"For those who bear fruit and nurture the soil…"

by Archbishop Stylianos of Australia

In the great 'Ekteni' (prayer) which is offered at every Orthodox Church service, each petition begins separately with the words "For the...", and have a special sanctity. We begin with general requests before progressing to the more specific.

We first of all ask for 'peace', so that we may prioritize properly our needs and wants with a composed frame of mind. We then immediately place our petitions in a logical and moral order, as a praying community of faithful. For we never forget, of course, that our liturgical life is always 'reasonable worship'.

Out of all these petitions, which are all vital and substantial, we shall single out the following one for comment:

"For those who bear fruit and nurture the soil in this holy and venerable Church, those who toil, those who sing and all here present who await Your great and abundant mercy"

Before any commentary, it is obvious to all that this refers to specific goals which are at the same time quite varied. For this reason it is highly comprehensive.

First of all, we should say by way of general observation that the structure of the petition is a wonderful gradation of particular 'architectural' sensitivity in matters involving spiritual things and people. Thus, the petition is not restricted to seeking the good health and prosperity of only one class of people. Nor to underlining how significant and necessary one particular good is for our spiritual condition.

On the contrary, the organic unity of all the mentioned groups within the undivided body of the faithful especially during divine worship testifies to the grace that is shared to all, in absolute solidarity and communion. And this 'communion' is self evident from the moment that this grace is characterized as the "great and abundant mercy`. This is why all who pray together as one the people of God "here present' await it with the same hope.

If the divine grace was not mercy, but was instead given as a 'reward' for the virtues of the faithful person, then it would not be self evident to all, and all members of the body would not commune from it. And if the divine grace was not "great and abundant mercy", then it would not be sufficient for all.

In spite of what has been said so far, it is clear that the placement and prominence given to an indefinite number of faithful, who are initially not distinct from the others on account of special functions and gifts, nevertheless provide the general tone and the most decisive impetus for the full development of Parish life. These faithful are generally and somewhat vaguely called "those who bear fruit and nurture the soil".

However, it immediately strikes us that the order in which these two groups are mentioned, which could in fact be the very same group, but described in two different ways, does not appear to be natural, in terms of temporal placement.

Through natural and logical sequence, one would expect those who "bear fruit' to come after those who "nurture the soil`. For we all know that cultivation always precedes the fruit.

It is precisely this 'reversal' in the order of the 'Ekteni', which may appear absurd in secular terms, but which can show us that there is a purely spiritual law at work; one that radically distinguishes the Church from the world.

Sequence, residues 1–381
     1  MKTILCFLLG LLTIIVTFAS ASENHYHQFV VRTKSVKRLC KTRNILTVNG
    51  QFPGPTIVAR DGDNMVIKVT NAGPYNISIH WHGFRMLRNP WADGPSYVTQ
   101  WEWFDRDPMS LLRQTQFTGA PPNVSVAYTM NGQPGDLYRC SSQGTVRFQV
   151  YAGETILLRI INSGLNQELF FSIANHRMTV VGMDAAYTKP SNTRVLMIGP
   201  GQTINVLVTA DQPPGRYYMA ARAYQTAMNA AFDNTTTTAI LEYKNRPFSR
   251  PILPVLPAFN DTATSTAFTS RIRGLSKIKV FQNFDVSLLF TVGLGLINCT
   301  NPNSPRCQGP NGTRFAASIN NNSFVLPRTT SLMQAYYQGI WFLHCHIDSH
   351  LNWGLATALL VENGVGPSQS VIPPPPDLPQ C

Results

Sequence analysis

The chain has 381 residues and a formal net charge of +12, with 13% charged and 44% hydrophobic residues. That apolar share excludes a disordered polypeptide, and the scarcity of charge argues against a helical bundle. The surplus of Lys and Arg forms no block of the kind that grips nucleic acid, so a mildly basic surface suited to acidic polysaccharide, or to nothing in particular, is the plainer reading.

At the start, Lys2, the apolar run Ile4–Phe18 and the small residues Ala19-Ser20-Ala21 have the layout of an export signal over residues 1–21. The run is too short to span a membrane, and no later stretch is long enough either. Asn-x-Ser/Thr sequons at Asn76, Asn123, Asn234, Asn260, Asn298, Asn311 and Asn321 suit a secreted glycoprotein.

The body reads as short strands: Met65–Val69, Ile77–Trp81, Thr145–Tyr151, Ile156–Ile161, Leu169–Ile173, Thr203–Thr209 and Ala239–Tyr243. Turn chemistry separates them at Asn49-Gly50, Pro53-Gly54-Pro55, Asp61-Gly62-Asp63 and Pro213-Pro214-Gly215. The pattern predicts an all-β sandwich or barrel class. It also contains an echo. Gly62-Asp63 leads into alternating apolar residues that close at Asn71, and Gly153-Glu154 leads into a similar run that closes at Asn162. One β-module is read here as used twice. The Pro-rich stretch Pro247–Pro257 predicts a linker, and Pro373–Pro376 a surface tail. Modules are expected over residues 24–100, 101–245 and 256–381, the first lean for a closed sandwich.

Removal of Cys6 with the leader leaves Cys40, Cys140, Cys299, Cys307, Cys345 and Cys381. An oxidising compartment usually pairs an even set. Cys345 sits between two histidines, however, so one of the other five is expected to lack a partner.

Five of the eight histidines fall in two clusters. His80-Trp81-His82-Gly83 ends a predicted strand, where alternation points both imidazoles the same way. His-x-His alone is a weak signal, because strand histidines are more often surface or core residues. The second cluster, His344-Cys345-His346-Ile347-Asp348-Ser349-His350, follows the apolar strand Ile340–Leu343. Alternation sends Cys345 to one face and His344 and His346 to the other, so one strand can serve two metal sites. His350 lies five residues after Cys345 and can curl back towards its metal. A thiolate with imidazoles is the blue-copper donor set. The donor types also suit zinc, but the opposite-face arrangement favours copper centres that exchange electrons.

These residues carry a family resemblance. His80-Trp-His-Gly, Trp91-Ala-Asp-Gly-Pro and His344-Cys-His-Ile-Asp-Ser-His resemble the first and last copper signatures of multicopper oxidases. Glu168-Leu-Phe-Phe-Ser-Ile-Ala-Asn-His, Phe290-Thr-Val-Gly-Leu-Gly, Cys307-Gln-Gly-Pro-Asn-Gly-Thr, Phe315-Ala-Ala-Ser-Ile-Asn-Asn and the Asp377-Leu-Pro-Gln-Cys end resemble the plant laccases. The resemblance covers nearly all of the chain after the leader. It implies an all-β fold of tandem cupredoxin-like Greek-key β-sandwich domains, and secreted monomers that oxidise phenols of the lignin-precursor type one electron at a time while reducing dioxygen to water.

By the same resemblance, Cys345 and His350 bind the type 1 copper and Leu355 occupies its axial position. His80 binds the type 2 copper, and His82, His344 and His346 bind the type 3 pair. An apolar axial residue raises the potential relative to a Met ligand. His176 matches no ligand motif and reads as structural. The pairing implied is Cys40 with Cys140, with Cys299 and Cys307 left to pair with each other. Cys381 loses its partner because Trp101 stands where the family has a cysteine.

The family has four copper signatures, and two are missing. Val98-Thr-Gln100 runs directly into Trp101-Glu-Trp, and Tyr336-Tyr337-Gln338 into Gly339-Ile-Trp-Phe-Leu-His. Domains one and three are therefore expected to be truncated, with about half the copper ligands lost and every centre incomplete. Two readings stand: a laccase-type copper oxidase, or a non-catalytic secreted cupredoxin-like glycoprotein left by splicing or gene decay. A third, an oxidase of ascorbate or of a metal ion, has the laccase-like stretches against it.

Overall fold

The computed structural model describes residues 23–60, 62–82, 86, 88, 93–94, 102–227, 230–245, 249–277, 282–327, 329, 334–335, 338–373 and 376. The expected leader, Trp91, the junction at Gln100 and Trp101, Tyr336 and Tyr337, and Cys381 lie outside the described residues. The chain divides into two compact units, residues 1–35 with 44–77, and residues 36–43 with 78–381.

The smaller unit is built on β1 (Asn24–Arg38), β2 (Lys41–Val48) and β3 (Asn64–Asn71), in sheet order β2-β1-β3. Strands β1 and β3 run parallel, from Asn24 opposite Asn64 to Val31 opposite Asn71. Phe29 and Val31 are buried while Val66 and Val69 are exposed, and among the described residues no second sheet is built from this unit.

While the fruits are inevitably a consequence of nurturing the soil in secular terms, the order is different in spiritual matters, according to which cultivation necessarily demands the sacrifice of the fruits, so that further multiplication of the fruits may occur.

Christ Himself presented this astounding truth, without any dramatic overtones, as the most natural "miracle' in all of Creation. He reminds us of the simple phenomenon and the image of the multiplying grain of wheat: `Most assuredly 1 say to you, unless a grain of wheat falls into the ground and dies, it remains alone; but if it dies, it produces much grain" (John 12:24).

This spiritual ordering completely overturns the natural order of things. Looking at Parish life in this light, in which "those who bear fruit" are mentioned before "those who nurture the soil", we should say that the first category of workers in the vineyard of the Lord should approach their sacred task by being, abundant in fruits' already. For it is only through the consumption of fruits which are deposited from the outset, in the form of a guarantee, that they are able to affect beneficially and cultivate accordingly the other faithful who look towards them as their leaders and fathers.

According to such a spiritual ordering, it would be reasonable for one to understand "those who bear fruit" and "those who nurture the soil" as being, first of all, the spiritual leaders and teachers; for it is they who are successors of the Apostles, not only during the celebration of divine worship, but also in all other manifestations and activities of the Church.

All other faithful "who toil" and "who sing" next to those who are first in responsibility, have of course no less a God given role, as they too are gifted by God.

The distinction between various groups in the common life of the Church does not primarily signify a grading in terms of value. Rather, it seeks to clearly state the varying degree of responsibility and obligations on the part of each person. We do not overlook in any case that it is precisely this variety and difference in groups and functions which combines all members into an unbreakable organic unity, namely into the Body of Christ, which is the Church.

from Voice of Orthodoxy, v. 24(1), January-February 2002
the official publication of the Greek Orthodox Archdiocese of Australia

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